At work we have some light switches that look like this, and I've seen similar ones at school and at other commercial offices. This one is installed in Vancouver, Canada

The lights also have a motion detector installed elsewhere in the room that can turn them on and off.

I'm wondering what type of switch this is, and where I could get one. It looks like some form of low-voltage/networked lighting but none of the major manufacturers have it on their website.enter image description here

  • What country is this in? Vastly different switches are used across the world.
    – JPhi1618
    Apr 3 '19 at 18:25
  • This is in Vancouver, BC Canada. The other ones I've seen are also from here.
    – user99078
    Apr 3 '19 at 18:28
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    My guess is that it's some proprietary system that was sold 20+ years ago and doesn't follow any particular standard. I'll let someone with more experience north of the 49th parallel answer, but that looks pretty custom to me.
    – JPhi1618
    Apr 3 '19 at 18:35
  • The building was constructed in 2008, so I would think it's not TOOOO out of date.
    – user99078
    Apr 3 '19 at 18:46
  • Huh, ok. That plastic looks aged like a 90's PC case so I assumed it was pretty old. I guess you're not authorized to remove the switch cover and look for a brand name so that will make it harder. The building maintenance staff might know if you can contact management.
    – JPhi1618
    Apr 3 '19 at 18:55

Dollars to donuts, this is an RR7 kind of deal

In this system, you have a relay back at the service panel or control cabinet. You then run 24V low-voltage power to each switch and motion sensor.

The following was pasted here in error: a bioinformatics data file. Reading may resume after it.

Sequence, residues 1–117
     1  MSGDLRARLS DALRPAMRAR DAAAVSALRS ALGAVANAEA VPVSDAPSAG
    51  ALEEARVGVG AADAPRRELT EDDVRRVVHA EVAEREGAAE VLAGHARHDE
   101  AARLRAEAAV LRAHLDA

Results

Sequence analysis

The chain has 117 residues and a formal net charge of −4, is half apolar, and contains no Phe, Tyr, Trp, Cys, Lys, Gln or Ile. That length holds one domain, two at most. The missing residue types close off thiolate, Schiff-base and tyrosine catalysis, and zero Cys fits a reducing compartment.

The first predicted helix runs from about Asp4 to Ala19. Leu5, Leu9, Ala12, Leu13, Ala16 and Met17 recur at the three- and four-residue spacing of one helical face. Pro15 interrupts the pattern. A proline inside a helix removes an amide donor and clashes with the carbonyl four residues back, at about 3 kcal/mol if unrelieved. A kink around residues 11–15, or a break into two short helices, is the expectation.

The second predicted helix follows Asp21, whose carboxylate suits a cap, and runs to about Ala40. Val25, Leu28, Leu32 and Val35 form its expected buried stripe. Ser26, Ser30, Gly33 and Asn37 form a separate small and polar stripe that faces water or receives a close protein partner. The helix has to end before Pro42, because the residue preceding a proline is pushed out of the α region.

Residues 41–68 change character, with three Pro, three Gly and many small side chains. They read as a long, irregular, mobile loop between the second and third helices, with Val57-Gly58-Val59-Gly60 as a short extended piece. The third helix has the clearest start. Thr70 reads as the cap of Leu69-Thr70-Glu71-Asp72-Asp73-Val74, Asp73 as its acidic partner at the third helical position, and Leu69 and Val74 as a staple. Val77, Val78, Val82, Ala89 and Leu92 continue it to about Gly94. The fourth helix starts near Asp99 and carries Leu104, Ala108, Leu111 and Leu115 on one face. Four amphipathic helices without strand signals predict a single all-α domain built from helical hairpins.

The most common, the RR7, is a latching relay. If you send control power to the relay for 1 second, it "throws the relay over" and it stays there until it's thrown the other way. Each bank of switches gets a 24V supply wire, and it returns an "on" wire and an "off" wire for each string of lights. Energizing "on" for a moment throws the relay "on"; "off" does the same.

The neat thing about RR7 is you can have any number of switches controlling a light, and wire it with thermostat wire. Also, you can have automated systems work very easily with it. Say you want to turn off the lights at 8 pm, because people always forget to turn them off, the timer just pulses the "off" wire for 1 second at 8 pm.

There are different systems

For instance one system has only one on/off wire, and energizing the wire for 1 second toggles the lights on vs. off. That works for humans, but a machine (eg. The timer) needs a feedback wire to tell machines if the lights are already on or off, otherwise if they're off, the timer will turn them on at 8:00. Anyway, that light may be this feedback wire.

These commercial systems are generally hard-wired old-school, because that is reliable and doesn't require a geek to troubleshoot balky software.

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